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NASA's Crawler Transporter Gets Upgrade


At the Kennedy Space Center retired Space Shuttles are being readied for museums. But there's one piece of equipment at Kennedy that's even older and it's not going away. Nasa's massive crawler transporter is getting an upgrade for carrying the next generation of deep space rockets and spacecraft.

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It's the only machine with enough muscle to move Apollo rockets and space shuttles out to the launch pad, and after nearly 50 years on the job NASA's decided there's still no better way to transport heavy loads than the crawler.

The crawler transporter is about as wide as a six lane highway and higher than a two story building, with huge caterpillar treads at each of its four corners.

Carrying the mobile launch platform- a giant grey slab of metal- and a rocket or space shuttle on top, the crawler en route for the launch pad was like a small skyscraper rolling slowly down a highway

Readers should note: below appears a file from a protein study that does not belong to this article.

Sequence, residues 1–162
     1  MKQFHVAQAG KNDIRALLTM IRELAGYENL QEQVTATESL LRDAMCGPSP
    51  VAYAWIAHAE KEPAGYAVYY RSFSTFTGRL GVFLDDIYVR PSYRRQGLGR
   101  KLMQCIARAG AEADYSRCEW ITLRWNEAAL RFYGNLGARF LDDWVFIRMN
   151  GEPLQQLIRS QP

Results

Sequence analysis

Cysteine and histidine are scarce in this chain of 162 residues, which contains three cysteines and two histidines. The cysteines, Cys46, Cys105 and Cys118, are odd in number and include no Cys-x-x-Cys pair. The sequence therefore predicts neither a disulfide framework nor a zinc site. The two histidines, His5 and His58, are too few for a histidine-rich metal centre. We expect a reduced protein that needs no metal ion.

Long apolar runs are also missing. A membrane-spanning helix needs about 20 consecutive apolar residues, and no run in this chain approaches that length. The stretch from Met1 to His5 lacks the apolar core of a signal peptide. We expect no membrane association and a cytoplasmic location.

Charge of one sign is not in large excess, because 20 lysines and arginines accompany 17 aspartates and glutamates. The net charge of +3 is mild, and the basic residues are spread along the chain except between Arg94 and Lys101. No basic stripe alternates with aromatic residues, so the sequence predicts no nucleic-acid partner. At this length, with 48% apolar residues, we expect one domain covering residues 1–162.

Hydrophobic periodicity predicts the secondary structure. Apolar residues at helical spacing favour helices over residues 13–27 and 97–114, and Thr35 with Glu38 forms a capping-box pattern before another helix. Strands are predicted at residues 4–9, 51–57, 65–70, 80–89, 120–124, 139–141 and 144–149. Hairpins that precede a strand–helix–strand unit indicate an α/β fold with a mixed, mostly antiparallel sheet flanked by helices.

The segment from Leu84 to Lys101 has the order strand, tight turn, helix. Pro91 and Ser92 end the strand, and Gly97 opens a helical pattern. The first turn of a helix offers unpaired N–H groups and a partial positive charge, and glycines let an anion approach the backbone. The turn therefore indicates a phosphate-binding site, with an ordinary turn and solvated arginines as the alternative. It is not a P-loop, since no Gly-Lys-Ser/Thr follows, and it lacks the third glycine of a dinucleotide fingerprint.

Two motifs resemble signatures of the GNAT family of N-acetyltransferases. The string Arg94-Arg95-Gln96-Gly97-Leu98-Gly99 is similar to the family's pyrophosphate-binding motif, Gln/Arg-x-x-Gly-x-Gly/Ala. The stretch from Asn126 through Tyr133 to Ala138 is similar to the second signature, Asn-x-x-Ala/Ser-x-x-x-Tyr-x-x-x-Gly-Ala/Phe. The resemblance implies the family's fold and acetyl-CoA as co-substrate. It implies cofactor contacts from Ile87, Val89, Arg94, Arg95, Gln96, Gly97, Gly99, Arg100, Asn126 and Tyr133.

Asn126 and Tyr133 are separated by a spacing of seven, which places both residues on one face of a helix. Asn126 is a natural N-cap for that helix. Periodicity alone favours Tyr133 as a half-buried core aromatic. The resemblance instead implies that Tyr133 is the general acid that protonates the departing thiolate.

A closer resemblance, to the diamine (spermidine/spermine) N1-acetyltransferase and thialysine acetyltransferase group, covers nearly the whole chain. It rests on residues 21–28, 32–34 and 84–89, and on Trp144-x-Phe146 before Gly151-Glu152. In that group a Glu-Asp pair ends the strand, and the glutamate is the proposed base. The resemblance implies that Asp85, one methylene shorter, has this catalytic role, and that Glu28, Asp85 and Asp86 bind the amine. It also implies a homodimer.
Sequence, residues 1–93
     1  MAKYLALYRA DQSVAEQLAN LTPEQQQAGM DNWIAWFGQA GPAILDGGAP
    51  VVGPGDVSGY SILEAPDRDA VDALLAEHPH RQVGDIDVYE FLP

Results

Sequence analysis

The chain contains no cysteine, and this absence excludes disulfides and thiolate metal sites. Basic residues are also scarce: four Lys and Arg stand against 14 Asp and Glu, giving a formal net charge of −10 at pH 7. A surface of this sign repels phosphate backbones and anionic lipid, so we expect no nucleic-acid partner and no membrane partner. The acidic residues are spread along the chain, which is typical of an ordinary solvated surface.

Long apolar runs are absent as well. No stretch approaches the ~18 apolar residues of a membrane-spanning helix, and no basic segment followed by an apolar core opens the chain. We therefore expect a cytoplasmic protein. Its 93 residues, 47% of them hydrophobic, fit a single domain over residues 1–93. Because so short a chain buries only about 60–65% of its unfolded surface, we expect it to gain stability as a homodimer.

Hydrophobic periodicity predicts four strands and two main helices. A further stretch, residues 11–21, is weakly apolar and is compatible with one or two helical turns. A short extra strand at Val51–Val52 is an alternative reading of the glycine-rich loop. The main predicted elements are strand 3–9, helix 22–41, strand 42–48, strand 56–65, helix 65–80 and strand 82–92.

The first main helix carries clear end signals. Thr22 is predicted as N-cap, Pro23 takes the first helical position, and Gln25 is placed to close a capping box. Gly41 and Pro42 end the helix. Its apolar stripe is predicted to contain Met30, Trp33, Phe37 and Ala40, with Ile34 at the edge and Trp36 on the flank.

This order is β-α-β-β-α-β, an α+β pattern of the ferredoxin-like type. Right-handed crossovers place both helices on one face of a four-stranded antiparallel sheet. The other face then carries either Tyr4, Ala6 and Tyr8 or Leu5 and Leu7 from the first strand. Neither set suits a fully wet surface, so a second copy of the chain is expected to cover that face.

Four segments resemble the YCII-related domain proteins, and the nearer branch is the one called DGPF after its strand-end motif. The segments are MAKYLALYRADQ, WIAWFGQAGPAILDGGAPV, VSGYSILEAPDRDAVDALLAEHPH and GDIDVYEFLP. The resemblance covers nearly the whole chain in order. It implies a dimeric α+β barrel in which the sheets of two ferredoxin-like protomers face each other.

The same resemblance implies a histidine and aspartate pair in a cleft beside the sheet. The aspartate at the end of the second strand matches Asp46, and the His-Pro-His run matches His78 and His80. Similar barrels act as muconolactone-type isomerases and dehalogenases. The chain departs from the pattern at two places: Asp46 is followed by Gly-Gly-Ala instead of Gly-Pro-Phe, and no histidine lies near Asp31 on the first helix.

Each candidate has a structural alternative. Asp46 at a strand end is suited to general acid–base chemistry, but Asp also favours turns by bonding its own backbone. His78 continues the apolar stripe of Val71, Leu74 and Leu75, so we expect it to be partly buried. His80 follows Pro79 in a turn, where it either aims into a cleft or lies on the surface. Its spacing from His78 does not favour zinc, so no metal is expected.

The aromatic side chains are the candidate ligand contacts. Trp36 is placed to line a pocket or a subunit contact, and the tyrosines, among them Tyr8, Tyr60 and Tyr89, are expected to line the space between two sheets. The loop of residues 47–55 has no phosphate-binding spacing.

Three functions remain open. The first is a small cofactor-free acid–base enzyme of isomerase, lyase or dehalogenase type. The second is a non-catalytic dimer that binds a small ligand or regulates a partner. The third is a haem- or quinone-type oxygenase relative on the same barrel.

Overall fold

But regular roads can’t handle the five and a half million pound weight of the crawler.

“If you drive on some of the roads out here where we’ve traversed it’s like riding a roller coaster, because we’ve done some damage to the roads with our weight, and especially in the heat of the summer," says lead system engineer and crawler project manager Russell Stoewe.

"We can tear up some asphalt," he says. 

Stoewe’s overseeing an overhaul to ready the crawler for an even bigger load.

There are two crawler transporters at Kennedy: crawler number two is being upgraded to carry NASA’s new heavy lift rocket- which will be bigger than the Saturn V rockets used in the Apollo program.

Apollo 11 on the crawler (Image courtesy of NASA)

 

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